Tactical content creation might not be the sexiest part of a customer marketer’s job, but it’s hugely important. According to an April 2022 study done by Uplift Content, case studies are still, by a big margin, the most effective form of marketing strategy (47% of respondents said it was the most effective, with the next best, SEO, at 29%).
B2B buyers are doing more and more of their own research throughout their buyer’s journey, and it’s up to sales and marketing to keep up with their appetite for content. Today’s buyers (mostly millennials – a majority of the workforce today) aren’t too keen on speaking with sales reps early on, with 44% of millennials wanting a seller-free buying experience. With this in mind, marketing and sales teams must adjust their strategies to reach these buyers with impactful and persuasive content during their research. Luckily, they can cater to today’s buyers by infusing customer evidence into their collateral.
Customer marketers need to create a range of content for different channels - some digital, some text based, some video. Having diverse content in different formats keeps marketing fresh, and different prospects like to consume content in different ways.
A relatively new space, gifting platforms have blown up in the past few years, especially in the wake of the work-from-home transition brought on by the pandemic. As it gets tougher for sales and marketing teams to cut through the noise with email, gifting platforms offer a way to demonstrate that your customers aren’t just receiving automated messages. By facilitating the sending of physical gifts (you can get really creative—margaritas, chicken pot pies 🥧, even baby toys), potential buyers and existing customers alike will feel valued and appreciated, all while their loyalty to your organization grows.
A big part of the job for customer marketers is creating customer content assets - case studies, testimonials, customer videos, social cards, logo slides, ROI calculators, etc. However, you can create all of the content in the world, but it won’t deliver value unless that content is actually being used and consumed by the sales team and other departments, and making its way out in front of prospects’ eyeballs.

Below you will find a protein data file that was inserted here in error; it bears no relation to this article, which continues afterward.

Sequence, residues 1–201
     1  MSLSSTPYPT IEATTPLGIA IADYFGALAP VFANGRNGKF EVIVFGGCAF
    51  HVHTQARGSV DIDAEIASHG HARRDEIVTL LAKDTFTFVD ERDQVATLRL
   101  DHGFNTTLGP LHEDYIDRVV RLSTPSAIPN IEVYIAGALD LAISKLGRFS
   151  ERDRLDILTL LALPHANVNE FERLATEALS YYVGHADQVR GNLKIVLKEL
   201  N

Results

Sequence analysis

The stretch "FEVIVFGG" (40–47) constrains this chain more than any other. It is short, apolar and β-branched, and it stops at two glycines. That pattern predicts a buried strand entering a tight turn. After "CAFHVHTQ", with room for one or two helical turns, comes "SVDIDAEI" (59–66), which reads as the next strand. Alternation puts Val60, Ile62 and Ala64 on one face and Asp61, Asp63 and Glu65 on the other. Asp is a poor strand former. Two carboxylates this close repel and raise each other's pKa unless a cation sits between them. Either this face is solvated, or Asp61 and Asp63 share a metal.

80% of business decision-makers prefer to get company information from a series of articles rather than an advertisement. Today’s B2B buyers guide their own customer journey and are generally distrustful of branded collateral, preferring to do their own research rather than engage with sales teams. Why? Because this generation of B2B buyers are millennials. We know… that fact makes us feel pretty old too… 🤯
The field of customer marketing is growing in importance, and with this growth comes innovation. According to LinkedIn, customer marketing is the #3 fastest growing job in the United States. As a result, we’ve seen lots of new products and technology catering to the customer marketer pop up in the last several years. While this is great, it’s difficult to make sense of which products do what and how they overlap, complement or compete.
Marketing strategies have adapted and changed to fit the demands of today’s buyers. Product-led businesses have especially had to shift their focus as buyer preferences change. Nowadays, customers make purchasing decisions based on reviews, testimonials, and more. In fact, 72% of customers won’t make any buying decisions until they’ve read reviews! Luckily, product marketing teams can actually use this to their advantage. How, you might ask? Two words: customer marketing.
While there are many different approaches to marketing, one goal remains the same — revenue growth. While 91% of marketers are confident that they’re making marketing decisions that will positively impact revenue, organizations can still benefit from developing strategies where generating revenue is the main focus. This typically refers to revenue marketing, but another type of marketing strategy — customer marketing — may be even more effective. 🤔
This blog was originally published on June 8, 2022, on Notorious PLG.
It’s been thoroughly discussed recently that PLG does not mean “no sales team” - for most companies, PLG can build a self-serve revenue stream of course, but the bigger prize is the super spicy product-qualified “leads” that are generated from PLG users within larger businesses that be upsold to larger paid/team and eventually enterprise contracts. A slew of businesses like Pocus, Correlated, Groundswell, and Endgame have popped up recently to let sales teams know to when to reach out to start a larger sales conversation - but there’s not much guidance/tech out there on what to reach out with - ie what kind of content/evidence are you going to show to convince a buyer to upgrade to an enterprise license?